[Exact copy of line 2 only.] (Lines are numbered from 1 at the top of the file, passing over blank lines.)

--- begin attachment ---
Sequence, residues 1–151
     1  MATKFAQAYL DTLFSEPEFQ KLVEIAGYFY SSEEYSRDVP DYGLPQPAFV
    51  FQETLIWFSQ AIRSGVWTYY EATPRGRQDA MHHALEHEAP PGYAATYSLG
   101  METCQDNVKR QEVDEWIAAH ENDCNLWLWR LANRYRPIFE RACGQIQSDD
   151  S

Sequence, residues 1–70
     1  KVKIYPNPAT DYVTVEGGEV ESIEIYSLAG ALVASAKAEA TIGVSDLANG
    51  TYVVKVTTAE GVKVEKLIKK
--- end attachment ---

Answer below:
     1  MATKFAQAYL DTLFSEPEFQ KLVEIAGYFY SSEEYSRDVP DYGLPQPAFV